Physical security also has serious unintended consequences, which can, and will, be exploited by the unconventional warrior. The most obvious is that people actually expect that an increase in security spending means an increase in effectiveness. However, the absolute lack of terrorists traveling on airlines means that there is no way to measure effectiveness. The security specialists thus default to other measures of effectiveness that focus on the people that they do have going through the system; law abiding, innocent, non-terrorist travelers. Thus, the presence of nail clippers on an airline represents the failure of a multi-billion dollar system, regardless of whether the nail clippers represent any threat. The understanding of what it is to be secure is skewed. A pair of mustache scissors becomes dangerous and banned. The equally dangerous pen remains legal. The need to show results necessarily means that the results must be derived from the legal traveling public.

Less obvious is that many security efforts provide opportunity to the terrorists. "Upgraded" security at airports causes large high-density lines and back ups at security check points during peak travel times. A terrorist can very easily determine high traffic times in specific airports. When a suicide bomber detonates himself in the high-victim density "corral" line leading to the security check point it will create a difficult conundrum for the security specialist. They designed the high-density target and the system that necessarily creates it. The response will be to move the checkpoints further away, perhaps to the parking lots and curbs, where a similar problem will then immediately exist. Immediately following 9/11airports were manned with national guardsmen, an unsustainable effort to encourage travel and make travelers feel safer. The unconventional warrior, however, saw the opportunity inherent in having automatic weapons available in the airports to anyone with basic martial arts skills and audacity. The unconventional warrior knows that there is an excellent chance that there are guns on board an airplane (Sky Marshal); his challenge is how to use that knowledge to his advantage. The tools used in physical security are predictable and thus vulnerable.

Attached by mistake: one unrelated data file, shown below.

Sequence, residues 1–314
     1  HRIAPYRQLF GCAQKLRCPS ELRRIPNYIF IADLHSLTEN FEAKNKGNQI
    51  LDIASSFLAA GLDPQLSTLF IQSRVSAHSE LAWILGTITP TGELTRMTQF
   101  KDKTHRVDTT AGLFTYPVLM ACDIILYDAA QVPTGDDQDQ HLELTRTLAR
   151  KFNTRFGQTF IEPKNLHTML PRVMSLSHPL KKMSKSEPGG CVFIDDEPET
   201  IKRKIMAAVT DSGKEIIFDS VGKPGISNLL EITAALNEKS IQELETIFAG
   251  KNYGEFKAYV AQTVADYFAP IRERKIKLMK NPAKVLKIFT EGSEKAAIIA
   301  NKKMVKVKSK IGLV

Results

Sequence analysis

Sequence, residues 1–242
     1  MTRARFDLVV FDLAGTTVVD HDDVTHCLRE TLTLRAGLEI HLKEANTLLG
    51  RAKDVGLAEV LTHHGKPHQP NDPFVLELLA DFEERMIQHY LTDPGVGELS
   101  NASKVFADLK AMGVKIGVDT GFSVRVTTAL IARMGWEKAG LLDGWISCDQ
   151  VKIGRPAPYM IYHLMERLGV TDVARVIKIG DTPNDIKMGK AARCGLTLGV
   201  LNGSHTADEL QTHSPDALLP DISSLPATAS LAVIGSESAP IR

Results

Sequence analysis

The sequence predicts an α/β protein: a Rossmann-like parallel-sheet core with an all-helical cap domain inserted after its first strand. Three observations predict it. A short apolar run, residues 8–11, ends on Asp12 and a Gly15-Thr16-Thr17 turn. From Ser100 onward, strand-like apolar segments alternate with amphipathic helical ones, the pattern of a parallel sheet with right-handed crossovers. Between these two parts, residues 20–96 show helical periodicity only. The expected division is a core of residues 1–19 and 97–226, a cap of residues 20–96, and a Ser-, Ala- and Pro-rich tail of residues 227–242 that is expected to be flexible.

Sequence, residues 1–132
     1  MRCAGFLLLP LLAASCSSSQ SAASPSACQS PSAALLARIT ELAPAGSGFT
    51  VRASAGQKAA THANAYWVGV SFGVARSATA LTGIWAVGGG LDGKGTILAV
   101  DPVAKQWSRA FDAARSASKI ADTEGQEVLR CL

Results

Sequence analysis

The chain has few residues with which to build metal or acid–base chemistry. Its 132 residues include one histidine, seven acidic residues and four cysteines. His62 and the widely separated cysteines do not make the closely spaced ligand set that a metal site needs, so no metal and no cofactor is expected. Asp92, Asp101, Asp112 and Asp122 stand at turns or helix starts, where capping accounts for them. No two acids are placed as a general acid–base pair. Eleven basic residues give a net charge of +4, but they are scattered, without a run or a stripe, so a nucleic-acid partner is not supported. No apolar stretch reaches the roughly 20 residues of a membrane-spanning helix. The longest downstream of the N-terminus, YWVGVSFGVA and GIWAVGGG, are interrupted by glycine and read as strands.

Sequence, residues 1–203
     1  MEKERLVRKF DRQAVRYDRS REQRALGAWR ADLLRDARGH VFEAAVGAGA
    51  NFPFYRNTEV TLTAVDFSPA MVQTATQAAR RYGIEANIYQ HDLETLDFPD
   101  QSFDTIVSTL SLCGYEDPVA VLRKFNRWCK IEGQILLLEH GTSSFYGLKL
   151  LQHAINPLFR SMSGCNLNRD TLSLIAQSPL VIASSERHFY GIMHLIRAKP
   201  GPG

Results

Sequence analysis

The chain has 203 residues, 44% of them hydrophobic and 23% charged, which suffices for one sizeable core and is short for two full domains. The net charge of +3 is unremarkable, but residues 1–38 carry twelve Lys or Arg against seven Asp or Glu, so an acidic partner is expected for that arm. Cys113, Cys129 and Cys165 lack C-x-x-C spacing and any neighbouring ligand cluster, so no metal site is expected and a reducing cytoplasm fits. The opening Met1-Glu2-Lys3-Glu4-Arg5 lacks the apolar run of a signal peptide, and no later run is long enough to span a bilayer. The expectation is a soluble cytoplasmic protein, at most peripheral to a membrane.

Failure to focus on how we can lose - The fundamental argument of this book is that since terrorists are inconsequential in real terms and operationally inept, they should not receive the level of attention or funding that they currently enjoy. That the fearful focus on terrorists and the spending for the immediate gratification of killing the "enemy" and notional safety is deleterious to long term prosperity. Given that, it would seem that "focus on how we can lose" would be in contradiction to the basic thesis. It is not. Focusing on how we can lose expands the scope of the strategic planning beyond the simplistic problem of how to protect the nation in the present to how do we form a strategy that maintains the Nation’s preeminence and viability throughout the strategic horizon. Every super power has fallen, collapsed under the weight of their own poor planning, while mightily trying to protect themselves.

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Copyright 2003-2007 by Thomas Rancich. Printing, copying, creating or transmitting of electronic copies of this transcript in whole or in part without the written consent of Mr. Rancich is expressly forbidden and will be construed as constituting copyright infringement.